Gubernatorial candidates spar in televised debate

October 9, 2018

CHEYENNE — Three of the four candidates vying to be Wyoming’s next governor appeared on Cheyenne television Saturday night to lay out their vision for the state’s economy. By the end, two of the candidates were exchanging accusations of lies and distortions of records.

Republican Mark Gordon, Democrat Mary Throne and the Constitution Party’s Rex Rammell all participated in the hourlong event that centered primarily on the state’s fiscal outlook, including economic development, possible changes to the tax code and how to fund the state’s obligations within the confines of a tightening budget.

Libertarian Lawrence Struempf didn’t take part in the event.

Gordon, the current state treasurer, said Wyoming had to grow its economy while at the same time learning to live within its means to deal with its financial situation. He said the state needed to trim waste, but now isn’t the time to talk about potential tax increases or other drastic changes to how the state takes in revenue.

“There’s no need for us to be out there talking about tax increases. We do need to spend some time figuring out what our priorities are, getting our spending in line. And we have opportunities to make a sustainable stab at our fiscal situation going forward,” Gordon said. “Does that mean over time the state might want to consider some conversation about taxes? We’ve done it in the past, and we’ll probably do it in the future.”

Rammell, a veterinarian, continued to expound on the fact he had taken a pledge not to raise taxes at all and tried to hammer both Gordon and Throne for not doing the same. Rammell said the state needs to substantially shrink its government and expand the economy to deal with its fiscal situation. He proposed using the state’s investment funds to provide small-business loans as a way of pumping millions into the state economy.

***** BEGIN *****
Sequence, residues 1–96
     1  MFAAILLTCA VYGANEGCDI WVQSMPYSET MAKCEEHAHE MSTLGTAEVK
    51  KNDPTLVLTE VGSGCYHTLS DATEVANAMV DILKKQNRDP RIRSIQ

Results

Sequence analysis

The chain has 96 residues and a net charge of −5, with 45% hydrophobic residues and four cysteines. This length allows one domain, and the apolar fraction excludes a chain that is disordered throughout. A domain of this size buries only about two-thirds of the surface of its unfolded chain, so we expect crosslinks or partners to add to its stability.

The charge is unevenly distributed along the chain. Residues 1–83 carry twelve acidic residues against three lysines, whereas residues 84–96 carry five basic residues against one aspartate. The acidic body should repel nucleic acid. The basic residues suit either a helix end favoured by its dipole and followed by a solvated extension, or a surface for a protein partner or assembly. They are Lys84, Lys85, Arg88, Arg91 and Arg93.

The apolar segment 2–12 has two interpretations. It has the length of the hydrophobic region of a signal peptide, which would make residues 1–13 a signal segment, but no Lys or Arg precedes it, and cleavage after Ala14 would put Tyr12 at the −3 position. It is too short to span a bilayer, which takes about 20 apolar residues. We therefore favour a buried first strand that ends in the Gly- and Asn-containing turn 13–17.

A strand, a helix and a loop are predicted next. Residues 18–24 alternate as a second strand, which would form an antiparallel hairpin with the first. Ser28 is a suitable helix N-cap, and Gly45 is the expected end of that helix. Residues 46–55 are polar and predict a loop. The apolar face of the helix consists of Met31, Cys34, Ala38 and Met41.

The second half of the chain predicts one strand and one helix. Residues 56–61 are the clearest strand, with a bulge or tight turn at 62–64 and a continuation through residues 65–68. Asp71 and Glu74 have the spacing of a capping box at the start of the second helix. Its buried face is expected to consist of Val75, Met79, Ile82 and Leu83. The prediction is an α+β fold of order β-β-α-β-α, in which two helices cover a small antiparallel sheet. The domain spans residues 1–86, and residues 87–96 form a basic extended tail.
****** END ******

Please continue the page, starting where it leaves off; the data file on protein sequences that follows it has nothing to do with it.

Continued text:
“I’m the only one who has pledged not to raise taxes out of the three of us,” Rammell said. “And if the tax question comes up, [Gordon] is always going to say ‘I don’t want to talk about it right now.’ Because, I believe, in his heart, he’s willing to do it. The truth is out here. There’s one candidate who will not raise taxes, and that’s Rex Rammell, and I have pledged that.”

Throne, the former minority leader in the state House, said she was the only candidate being honest with voters about the state’s fiscal situation. She said reports show the state’s current tax structure is unsustainable and too many important programs like education face cuts. That was why she wanted to look at ways to change the tax system in the future.

“I didn’t get into this race to tell people what they want to hear. I got into this race to tell people what they need to know. And the simple fact of the matter is our future is bleak if we don’t tackle the tax issue,” Throne said. “I have said throughout this campaign that I would not advocate for a state income tax. I think the problem is we get hung up on finding that one magic solution. The truth of the matter is if we do not broaden our economy at the same time we diversify it, we won’t solve our fiscal crisis.”

Both Gordon and Throne said they’d sign a bill giving local governments more power to increase taxes, while Rammell said he would veto any measure that had to do with taxes.

Taxes weren’t the only issue where Rammell tried to take the fight to Gordon. Rammell took multiple opportunities to attack Gordon’s record, especially when it came to the energy sector. During a discussion on a federal judge’s decision to stop a planned grizzly bear hunt in Wyoming, which all three candidates disagreed with, Rammell started a line of attack he continued to come back to that Gordon opposed the energy industry because he had donated money to environmental groups and at one point was part of the Sierra Club.

“These environmental groups are coming into the state of Wyoming and wreaking havoc. And Mr. Gordon has been a strong supporter of nearly every radical environment, are you going to deny this, every radical environment group in the West,” Rammell said.

Gordon said he did sit on the board of the Sierra Club in the 1980s, a fact he pointed out had been discussed during the Republican primary.

“I was working to put Wyoming’s agricultural interests first, and I have worked diligently to make sure Wyoming and our agricultural interests are first and foremost,” Gordon said. “I was part of the Sierra Club way before the Beyond Coal campaign, and I resigned from the Sierra Club before the Beyond Coal campaign. Quit throwing out that stupid stuff.”

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